Importing ulab

The ulab module is split into two main parts ulab.numpy and ulab.scipy each of which provide similar functionality to their respective CPython library counterpart. You can rename ulab.numpy when you import it to use the shorthand name np. from ulab import numpy as np then in your code you can call the functions like np.sum() etc. Many existing CPython numpy examples are written to use this shorthand name.

Working with CircuitPython and Blinka

Where possible, if a ulab function and a numpy function have the same name, ulab's functionality is a subset of numpy.

try:
  import ulab.numpy as np
except ImportError:
  import numpy as np

u = np.array([1,2,3,4])
v = np.array([1,-2,1])
print(np.convolve(u, v))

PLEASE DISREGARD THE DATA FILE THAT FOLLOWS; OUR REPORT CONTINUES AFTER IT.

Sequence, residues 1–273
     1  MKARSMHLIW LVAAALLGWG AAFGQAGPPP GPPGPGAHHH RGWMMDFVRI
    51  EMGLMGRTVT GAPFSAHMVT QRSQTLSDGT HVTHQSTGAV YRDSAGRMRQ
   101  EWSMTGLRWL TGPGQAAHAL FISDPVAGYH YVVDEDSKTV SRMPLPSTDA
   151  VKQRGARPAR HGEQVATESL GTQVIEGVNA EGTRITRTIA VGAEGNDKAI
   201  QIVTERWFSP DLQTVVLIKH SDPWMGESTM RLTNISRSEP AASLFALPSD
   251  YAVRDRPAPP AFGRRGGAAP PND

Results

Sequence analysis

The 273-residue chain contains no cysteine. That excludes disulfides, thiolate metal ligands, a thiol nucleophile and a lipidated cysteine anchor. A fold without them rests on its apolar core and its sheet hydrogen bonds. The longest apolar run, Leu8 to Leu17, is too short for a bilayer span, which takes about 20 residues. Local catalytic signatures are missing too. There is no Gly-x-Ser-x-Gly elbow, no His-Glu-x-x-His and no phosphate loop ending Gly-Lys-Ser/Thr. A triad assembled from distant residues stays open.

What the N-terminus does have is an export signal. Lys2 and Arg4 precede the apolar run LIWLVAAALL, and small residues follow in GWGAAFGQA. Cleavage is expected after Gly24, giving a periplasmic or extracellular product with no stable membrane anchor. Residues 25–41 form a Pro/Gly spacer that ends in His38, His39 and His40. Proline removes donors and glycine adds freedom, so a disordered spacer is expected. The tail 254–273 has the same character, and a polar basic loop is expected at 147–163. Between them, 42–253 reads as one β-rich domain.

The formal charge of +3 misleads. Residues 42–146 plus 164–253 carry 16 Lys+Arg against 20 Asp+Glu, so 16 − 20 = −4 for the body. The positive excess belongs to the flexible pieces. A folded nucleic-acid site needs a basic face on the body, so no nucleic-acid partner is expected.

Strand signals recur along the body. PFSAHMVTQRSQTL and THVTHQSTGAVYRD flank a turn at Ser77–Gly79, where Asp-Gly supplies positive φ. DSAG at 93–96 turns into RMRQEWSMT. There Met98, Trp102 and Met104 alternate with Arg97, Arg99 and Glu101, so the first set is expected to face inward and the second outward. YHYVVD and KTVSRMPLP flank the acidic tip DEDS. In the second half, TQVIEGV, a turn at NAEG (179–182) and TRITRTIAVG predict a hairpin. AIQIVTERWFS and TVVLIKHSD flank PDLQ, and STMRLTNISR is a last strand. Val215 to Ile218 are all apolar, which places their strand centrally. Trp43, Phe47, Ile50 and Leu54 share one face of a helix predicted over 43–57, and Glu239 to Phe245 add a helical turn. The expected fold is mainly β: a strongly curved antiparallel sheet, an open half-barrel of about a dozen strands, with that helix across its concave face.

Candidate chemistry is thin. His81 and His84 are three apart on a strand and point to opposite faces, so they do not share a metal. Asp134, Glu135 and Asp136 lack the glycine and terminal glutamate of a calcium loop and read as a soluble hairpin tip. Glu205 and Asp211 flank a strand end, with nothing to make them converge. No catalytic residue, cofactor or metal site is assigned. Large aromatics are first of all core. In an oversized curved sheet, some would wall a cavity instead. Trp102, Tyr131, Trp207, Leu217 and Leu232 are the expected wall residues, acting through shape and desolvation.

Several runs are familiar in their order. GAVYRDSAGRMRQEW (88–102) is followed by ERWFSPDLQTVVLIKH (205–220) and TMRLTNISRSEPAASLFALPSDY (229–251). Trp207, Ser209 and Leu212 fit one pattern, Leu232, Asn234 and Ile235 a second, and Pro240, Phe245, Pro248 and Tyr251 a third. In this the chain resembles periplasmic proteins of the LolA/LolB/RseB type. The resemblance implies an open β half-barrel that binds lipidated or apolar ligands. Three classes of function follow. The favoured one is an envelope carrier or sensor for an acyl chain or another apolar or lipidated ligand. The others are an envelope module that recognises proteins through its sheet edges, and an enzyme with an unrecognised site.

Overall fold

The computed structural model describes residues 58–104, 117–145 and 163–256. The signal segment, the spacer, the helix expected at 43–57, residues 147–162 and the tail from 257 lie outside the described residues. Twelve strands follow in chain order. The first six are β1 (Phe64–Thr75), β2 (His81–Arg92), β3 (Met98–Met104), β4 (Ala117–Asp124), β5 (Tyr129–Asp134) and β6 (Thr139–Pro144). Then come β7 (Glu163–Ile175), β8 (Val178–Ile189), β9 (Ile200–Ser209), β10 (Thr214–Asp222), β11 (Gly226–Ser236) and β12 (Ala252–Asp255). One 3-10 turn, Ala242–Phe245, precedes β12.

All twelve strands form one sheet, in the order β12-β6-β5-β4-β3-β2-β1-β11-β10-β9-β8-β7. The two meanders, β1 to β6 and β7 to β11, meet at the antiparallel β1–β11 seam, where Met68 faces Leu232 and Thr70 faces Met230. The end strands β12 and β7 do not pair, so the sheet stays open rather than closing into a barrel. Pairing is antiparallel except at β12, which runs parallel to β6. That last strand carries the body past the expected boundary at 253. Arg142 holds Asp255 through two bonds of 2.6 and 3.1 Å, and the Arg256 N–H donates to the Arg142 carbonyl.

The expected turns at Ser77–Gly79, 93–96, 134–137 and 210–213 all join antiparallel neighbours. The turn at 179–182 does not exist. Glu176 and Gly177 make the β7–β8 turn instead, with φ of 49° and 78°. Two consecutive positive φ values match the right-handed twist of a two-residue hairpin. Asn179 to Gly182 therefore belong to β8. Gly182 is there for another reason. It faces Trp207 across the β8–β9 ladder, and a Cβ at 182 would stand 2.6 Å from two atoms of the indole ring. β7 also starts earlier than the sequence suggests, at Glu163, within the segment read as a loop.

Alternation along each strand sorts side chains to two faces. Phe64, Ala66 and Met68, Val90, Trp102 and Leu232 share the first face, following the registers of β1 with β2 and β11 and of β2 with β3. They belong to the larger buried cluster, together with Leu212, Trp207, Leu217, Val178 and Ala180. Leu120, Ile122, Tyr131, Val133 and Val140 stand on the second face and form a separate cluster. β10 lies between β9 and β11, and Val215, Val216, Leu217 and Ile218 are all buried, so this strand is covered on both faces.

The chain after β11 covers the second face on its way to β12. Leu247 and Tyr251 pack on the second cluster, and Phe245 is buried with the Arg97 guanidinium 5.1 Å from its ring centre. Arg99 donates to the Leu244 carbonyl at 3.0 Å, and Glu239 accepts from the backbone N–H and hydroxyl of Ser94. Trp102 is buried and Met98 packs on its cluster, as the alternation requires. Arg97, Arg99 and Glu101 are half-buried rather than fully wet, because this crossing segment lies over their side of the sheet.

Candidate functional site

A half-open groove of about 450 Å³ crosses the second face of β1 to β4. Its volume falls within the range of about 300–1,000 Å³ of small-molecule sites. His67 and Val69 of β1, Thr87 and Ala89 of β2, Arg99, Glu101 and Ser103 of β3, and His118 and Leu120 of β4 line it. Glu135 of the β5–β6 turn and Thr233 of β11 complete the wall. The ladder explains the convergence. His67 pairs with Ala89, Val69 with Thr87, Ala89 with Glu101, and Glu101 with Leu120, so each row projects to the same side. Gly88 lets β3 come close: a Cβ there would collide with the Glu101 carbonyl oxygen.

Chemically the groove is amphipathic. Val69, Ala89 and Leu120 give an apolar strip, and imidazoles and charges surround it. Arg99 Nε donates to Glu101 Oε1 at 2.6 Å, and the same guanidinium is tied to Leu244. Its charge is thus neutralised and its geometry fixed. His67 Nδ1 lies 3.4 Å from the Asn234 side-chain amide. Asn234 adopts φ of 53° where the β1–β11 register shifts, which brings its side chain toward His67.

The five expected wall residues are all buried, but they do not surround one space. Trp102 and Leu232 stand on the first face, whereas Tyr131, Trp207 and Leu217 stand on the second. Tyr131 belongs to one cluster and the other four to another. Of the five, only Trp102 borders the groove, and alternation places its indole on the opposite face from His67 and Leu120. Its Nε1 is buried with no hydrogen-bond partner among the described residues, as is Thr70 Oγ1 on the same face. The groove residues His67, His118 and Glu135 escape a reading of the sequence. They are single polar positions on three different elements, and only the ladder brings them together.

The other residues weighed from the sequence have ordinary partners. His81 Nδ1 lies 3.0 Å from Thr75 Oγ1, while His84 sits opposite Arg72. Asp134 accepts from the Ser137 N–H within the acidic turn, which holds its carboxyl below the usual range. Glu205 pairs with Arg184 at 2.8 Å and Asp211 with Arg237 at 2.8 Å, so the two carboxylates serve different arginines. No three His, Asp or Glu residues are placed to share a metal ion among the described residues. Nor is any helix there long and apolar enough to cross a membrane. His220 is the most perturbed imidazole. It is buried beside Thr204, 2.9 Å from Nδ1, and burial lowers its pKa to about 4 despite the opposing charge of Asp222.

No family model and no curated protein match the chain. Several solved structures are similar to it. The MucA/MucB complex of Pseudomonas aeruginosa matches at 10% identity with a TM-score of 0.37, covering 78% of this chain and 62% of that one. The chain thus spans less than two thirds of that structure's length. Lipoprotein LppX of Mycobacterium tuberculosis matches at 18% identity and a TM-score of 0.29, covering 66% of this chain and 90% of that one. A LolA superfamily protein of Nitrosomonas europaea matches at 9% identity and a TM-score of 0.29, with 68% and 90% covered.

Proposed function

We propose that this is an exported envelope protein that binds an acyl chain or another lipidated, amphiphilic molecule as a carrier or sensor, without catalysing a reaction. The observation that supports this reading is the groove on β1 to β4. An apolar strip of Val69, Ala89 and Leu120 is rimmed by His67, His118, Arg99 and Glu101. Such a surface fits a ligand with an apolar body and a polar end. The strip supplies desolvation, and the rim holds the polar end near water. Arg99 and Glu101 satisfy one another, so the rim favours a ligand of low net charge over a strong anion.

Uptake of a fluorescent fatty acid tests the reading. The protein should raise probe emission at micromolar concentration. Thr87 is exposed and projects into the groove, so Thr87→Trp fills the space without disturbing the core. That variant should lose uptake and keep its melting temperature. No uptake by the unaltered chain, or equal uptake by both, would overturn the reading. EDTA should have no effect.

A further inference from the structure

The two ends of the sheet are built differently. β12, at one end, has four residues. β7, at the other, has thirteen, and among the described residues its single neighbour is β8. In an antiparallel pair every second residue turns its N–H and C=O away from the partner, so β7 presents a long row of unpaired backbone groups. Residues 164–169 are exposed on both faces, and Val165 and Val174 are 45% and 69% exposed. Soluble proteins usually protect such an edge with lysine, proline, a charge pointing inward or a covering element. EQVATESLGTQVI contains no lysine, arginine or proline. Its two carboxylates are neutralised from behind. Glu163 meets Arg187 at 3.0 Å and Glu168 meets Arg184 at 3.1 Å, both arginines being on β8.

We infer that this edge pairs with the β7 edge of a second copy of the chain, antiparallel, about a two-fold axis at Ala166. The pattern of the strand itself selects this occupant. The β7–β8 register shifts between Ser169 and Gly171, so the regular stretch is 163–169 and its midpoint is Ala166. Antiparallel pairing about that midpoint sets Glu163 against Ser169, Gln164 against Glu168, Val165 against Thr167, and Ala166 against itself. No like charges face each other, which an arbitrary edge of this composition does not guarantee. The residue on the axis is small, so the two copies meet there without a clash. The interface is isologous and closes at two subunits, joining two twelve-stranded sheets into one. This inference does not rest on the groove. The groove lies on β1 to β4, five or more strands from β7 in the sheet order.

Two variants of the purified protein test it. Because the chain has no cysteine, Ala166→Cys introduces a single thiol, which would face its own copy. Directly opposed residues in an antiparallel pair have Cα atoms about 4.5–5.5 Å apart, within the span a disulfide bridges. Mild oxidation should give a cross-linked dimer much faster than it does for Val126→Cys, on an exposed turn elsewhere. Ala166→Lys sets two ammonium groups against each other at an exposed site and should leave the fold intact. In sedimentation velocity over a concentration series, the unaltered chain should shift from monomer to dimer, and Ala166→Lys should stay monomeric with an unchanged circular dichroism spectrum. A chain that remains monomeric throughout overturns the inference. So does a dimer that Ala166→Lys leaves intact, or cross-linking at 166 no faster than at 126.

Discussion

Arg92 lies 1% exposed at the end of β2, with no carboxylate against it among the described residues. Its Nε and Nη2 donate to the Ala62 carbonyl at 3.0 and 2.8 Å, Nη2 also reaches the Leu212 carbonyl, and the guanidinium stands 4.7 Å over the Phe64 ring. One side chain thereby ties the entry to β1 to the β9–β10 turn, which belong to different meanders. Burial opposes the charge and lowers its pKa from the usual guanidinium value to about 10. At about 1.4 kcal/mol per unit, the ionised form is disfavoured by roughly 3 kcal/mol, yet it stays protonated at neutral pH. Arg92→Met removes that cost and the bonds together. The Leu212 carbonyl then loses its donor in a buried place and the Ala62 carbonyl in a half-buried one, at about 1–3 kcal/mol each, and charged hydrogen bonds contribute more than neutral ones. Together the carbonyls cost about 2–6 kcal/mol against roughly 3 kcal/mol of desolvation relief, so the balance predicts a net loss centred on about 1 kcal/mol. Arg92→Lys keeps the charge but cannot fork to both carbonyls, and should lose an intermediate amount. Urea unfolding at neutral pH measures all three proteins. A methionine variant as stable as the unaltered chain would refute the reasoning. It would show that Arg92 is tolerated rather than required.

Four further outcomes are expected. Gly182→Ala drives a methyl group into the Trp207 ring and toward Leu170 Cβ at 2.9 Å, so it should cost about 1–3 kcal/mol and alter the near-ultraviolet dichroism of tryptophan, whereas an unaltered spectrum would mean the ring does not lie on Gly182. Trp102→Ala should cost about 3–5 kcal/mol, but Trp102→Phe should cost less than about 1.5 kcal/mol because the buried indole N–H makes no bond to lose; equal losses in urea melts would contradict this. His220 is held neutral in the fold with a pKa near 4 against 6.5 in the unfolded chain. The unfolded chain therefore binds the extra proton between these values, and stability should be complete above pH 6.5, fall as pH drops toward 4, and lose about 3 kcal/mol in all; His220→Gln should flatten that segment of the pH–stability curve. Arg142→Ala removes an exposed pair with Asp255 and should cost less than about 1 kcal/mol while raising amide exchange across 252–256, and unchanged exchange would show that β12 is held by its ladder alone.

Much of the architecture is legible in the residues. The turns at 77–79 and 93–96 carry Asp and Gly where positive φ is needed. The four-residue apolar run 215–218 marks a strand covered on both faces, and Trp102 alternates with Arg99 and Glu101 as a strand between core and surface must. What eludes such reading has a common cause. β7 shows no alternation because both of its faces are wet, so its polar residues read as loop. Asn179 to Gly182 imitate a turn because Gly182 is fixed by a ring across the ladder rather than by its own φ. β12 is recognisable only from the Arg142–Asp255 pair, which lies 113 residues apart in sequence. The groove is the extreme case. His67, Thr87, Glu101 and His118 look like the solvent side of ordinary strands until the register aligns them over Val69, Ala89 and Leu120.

Numpy/ulab differences

Many ulab functions do not support all the same arguments as numpy.  For instance, numpy.convolve supports several ways of controlling how the boundary conditions are handled, using the mode= named parameter.  However, ulab.numpy.convolve always acts like numpy's mode='full'.

In a few cases, numpy accepts a positional argument but ulab requires a named parameter.  This is true of ulab.numpy.linspace's num= argument, for instance.

ulab does not support complex numbers.  Because of this, ulab's fft returns a pair of arrays, where the first array holds the real part of the fft and the second array holds the imaginary part.  Instead of using fft directly, consider whether to use ulab.scipy.signal.spectrogram instead.  For compatibility with both CircuitPython and Blinka, spectrum can be implemented as follows:

try:
  from ulab import numpy as np
except ImportError:
  import numpy as np
  
try:
  from ulab.scipy.signal import spectrogram
except ImportError:
  def spectrogram(arr):
    return abs(np.fft.fft(arr))

data = np.array([1,2,1,4])
print(spectrogram(data))

This guide was first published on Mar 06, 2020. It was last updated on Mar 06, 2020.

This page (Writing code for ulab and numpy) was last updated on Oct 23, 2021.

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